Deep ecology

The term originated also in 1972 with Norwegian philosopher Arne Naess, who developed a platform of eight organizing principles for the deep ecology social movement. According to the Britannica dictionary, Deep Ecology is an environmental philosophy and social movement based on the belief that humans must radically change their relationship to nature: from one that values nature solely for its usefulness to human beings to one that recognizes that nature has an inherent value. Deep ecology distinguishes itself from other types of environmentalism by making broader and more philosophical claims about metaphysics, epistemology, and social justice.

The eight points of the platform for deep ecology posit:

1. “The well-being and flourishing of human and nonhuman life on Earth have value in themselves…. These values are independent of the usefulness of the nonhuman world for human purposes.”

2. “Richness and diversity…contribute to the realization of these values and are also values in themselves.”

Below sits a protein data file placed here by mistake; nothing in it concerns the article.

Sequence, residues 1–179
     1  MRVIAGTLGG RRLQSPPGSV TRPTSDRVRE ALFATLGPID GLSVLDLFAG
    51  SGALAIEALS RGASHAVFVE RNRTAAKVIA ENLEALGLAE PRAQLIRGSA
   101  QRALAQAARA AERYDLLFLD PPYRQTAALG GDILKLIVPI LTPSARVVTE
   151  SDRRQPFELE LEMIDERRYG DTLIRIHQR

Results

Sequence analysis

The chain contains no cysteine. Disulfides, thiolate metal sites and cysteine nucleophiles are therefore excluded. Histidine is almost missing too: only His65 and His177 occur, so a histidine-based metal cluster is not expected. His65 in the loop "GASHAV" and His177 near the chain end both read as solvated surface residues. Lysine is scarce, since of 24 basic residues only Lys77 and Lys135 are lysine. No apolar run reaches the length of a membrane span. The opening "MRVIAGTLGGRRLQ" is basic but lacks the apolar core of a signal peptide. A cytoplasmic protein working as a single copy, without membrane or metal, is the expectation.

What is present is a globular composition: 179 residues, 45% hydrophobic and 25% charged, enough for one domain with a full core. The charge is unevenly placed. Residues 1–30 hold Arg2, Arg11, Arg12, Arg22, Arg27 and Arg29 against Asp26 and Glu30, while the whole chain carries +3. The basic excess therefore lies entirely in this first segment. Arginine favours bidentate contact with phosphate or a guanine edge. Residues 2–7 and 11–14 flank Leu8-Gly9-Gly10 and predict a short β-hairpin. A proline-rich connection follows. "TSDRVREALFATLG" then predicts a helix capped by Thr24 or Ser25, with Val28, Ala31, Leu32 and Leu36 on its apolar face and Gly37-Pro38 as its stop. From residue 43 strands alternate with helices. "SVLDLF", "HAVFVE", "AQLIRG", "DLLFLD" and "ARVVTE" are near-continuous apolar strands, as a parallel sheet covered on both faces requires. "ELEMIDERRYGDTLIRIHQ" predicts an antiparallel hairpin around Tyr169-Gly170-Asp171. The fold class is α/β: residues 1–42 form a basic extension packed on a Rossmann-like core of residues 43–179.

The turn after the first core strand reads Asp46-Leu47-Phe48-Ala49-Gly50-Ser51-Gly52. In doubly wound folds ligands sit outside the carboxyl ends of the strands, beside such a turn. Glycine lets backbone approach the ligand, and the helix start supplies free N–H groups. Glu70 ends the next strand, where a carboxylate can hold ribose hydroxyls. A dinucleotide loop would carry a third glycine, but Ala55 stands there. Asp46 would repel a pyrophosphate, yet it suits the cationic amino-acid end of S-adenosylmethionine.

3. “Humans have no right to reduce this richness and diversity except to satisfy vital needs.”

4. “Present human interference with the nonhuman world is excessive, and the situation is rapidly worsening.”

5. “The flourishing of human life and cultures is compatible with a substantial decrease of the human population. The flourishing of nonhuman life requires such a decrease.”

6. “Policies must therefore be changed…[to] affect basic economic, technological, and ideological structures.…”

7. “The ideological change is mainly that of appreciating life quality…rather than adhering to an increasingly higher standard of living.…”

8. “Those who subscribe to the foregoing points have an obligation directly or indirectly to participate in the attempt to implement the necessary changes.”

Deep Time

John McPhee introduced the term referring to geologic time. He is an American writer considered one of the pioneers of creative nonfiction. Observing the temporality of our planet we remind that we had arrived, while the planet is living and making life for billions of years. As said by my friend Lua Couto, founder of Futuro Possivel, “act your age” takes on another dimension when we feel that we are part of a stream of life that began over 3 billion years ago.